We need a much clearer vision of what a better version of democracy looks like and how to achieve it, starting with what democracies themselves can control.

This is where OGP comes in.

This week will be all about the crucial decisions this team will make on where to focus our efforts, which is hugely important. 

But just as critical is how we go about our work.

So my leaving plea to our community is to always keep in mind – the politics, the partnership, and the people. 

What do I mean by each of those?

First, we are an inherently political community and organisation. 

We don’t take party political sides, but we are part of the political ecosystem. The issues we work on are for the most part political, not technical, challenges.

OGP will lose its magic if we drift into becoming a technocratic open government promotion organisation, or a classic multilateral body. That field is crowded enough as it is. 

Our huge value is to be at the centre – between government and civil society, between international, national and local priorities, between expert partners and demand for support.

That doesn’t mean we only mediate – far from it – but we see the incentives from all sides in a way no one else can, and we figure out how to make progress – however slow and painful it can be – towards changing the culture of government towards openness.

The reason I am standing for elected office is because I have seen in my own country how damaging it can be to open government and democracy when the politics goes wrong – from the trashing of standards and integrity in public life, to cronyism and corruption in procurement, dirty money in luxury property and lobbying scandals – and the billions of pounds wasted that could be spent on public services that are crumbling.

I hope I can be a small part of helping fix those problems if I make it to parliament, but it will take a broad coalition of people in government, civil society, civil servants, local officials – in short the very type of coalitions that have congregated around OGP.

So we should embrace the messiness that often comes in politics, not run away from it, and be the people on the end of the phone when reformers need help getting things done.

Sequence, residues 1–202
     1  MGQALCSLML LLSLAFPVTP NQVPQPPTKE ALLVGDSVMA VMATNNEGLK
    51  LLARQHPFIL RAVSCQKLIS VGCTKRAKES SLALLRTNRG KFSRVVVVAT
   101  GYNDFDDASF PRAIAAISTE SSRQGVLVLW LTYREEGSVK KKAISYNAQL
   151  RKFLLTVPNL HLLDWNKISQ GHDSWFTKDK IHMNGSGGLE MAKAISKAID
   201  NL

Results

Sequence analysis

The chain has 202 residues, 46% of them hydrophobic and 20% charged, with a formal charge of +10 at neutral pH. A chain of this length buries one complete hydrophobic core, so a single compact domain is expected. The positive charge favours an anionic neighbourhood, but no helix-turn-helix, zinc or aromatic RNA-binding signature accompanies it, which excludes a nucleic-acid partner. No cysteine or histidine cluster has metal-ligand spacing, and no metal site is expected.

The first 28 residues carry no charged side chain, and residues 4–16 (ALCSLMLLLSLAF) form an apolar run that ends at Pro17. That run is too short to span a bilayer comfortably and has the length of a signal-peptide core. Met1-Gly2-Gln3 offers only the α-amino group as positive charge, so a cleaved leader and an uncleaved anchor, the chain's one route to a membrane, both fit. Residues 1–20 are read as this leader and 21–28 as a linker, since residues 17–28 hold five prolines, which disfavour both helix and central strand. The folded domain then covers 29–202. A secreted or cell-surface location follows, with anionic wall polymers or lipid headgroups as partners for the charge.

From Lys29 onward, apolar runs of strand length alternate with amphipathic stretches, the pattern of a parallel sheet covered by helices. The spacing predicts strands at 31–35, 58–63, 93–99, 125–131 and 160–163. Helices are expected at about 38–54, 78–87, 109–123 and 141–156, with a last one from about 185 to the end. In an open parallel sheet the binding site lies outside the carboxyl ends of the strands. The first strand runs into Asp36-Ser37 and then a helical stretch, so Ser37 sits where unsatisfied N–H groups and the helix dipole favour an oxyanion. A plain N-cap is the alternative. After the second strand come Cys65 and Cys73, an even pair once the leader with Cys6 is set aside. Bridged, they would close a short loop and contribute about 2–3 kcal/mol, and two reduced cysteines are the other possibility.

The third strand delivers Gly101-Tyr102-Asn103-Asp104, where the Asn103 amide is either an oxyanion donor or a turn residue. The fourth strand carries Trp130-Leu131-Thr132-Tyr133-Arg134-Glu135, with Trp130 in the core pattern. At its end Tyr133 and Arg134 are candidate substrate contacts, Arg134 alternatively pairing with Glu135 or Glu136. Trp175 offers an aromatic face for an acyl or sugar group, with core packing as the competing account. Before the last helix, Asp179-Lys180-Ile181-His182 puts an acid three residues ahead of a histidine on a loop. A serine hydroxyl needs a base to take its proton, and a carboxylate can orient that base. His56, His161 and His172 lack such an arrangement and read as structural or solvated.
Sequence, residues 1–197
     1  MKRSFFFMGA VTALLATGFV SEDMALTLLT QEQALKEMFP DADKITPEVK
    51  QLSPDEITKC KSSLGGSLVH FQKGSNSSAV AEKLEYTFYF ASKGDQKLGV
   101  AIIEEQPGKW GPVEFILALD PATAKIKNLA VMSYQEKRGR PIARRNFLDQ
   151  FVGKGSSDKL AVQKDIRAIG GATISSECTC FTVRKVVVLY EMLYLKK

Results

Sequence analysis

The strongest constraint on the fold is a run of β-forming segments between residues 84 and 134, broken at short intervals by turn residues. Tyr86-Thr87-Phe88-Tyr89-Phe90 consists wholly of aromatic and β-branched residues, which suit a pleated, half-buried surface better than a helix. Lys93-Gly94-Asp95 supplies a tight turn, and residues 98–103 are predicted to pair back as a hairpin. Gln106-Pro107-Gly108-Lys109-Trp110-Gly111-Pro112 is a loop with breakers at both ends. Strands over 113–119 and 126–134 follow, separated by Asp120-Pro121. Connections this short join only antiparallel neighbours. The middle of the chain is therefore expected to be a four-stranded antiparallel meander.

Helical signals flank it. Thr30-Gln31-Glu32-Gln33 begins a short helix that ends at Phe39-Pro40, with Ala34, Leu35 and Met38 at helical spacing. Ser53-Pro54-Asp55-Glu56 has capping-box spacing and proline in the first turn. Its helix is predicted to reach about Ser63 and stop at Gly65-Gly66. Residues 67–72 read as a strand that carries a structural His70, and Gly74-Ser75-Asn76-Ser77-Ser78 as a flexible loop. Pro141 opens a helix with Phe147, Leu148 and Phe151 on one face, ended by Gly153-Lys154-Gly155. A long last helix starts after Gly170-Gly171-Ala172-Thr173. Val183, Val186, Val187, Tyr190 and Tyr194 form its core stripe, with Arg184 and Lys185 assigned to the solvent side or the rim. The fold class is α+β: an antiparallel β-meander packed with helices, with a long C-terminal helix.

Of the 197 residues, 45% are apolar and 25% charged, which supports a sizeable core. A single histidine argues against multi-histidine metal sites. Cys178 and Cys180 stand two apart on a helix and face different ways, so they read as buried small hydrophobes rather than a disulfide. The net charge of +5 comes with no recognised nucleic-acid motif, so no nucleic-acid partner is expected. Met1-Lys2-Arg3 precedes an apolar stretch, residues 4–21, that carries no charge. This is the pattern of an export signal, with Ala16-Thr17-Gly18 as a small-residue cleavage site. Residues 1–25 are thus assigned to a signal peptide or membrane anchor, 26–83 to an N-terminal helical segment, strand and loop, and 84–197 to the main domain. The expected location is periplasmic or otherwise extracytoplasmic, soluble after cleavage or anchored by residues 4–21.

Second, I believe our biggest strength is our partnership.

We are only as strong as the community we work with, and that means we have a responsibility to them.

I know recently it has felt like we’ve been through a lot of change – a new strategy, restructuring, the pandemic driven issues with finances – but that is now behind us. I believe we are now in a great position organisationally – and our goal must be to focus resolutely on how we achieve our external goals together.

 I know it can be tempting to focus on what you can best control, but that is the road to irrelevance when working on open government.

So I would encourage everyone to be thinking about how we communicate our work to the wider world, how we find new partners, how we nourish the ones we have and to always remember that every single one of the OGP’s biggest achievements have been done with our community, not by us acting alone. 

Finally, our people.

I can say hands down this is the best team I have ever worked in.

 From all of you here, to all the people who came before you, I have learned so much from working with some of the most talented people on this planet.

 I’ve always felt like it is a privilege to get up in the morning and work for OGP because we focus on some of the biggest challenges facing the world today –  and we do have a really serious job to do – but it has also been a privilege because of our team’s humility, dedication and sense of fun.

 I will never forget those moments of high stress in the back rooms of government offices in Tallinn, Paris and Tbilisi seeing the skill, patience and resilience of our team and our community pulling together to solve problems – always seeing the bigger picture, and staying calm and focused… for the most part. 

But when the chips are down it is the OGP team you want on your side.

Etched on my brain forever will be 4.39pm, August 30th 2021.

That is the local time in Mazar-i-Sharif when 152 Afghan civil society activists, journalists, civil servants and others took off in a plane chartered by us at OGP to safety, just days before the US relinquished the air space to the Taliban. I will always be incredibly proud of everyone who helped in that moment, and in awe of the families now building new lives overseas after such a traumatic event. 

So never doubt what you can achieve at OGP – there are many more chapters to be written, and I look forward to championing you all from the other side.

Comments (1)


Thank you so much for your dedication and passion, Joe. Your leadership and vision have been played tremendous role in the OGP.
I wish you all the best in your future endeavours, including your candidacy in the UK general Election.
My you continued championing of transparency, accountability, and inclusive democracy lead to even greater successes.
Your inspired speech encourage us to continue struggle for a better version of democracy, and motivate us to work more for the strengthen democratic institutes and support them who are working with the people and for the people.
Thank you for all your guidance, support and inspiration, Joe.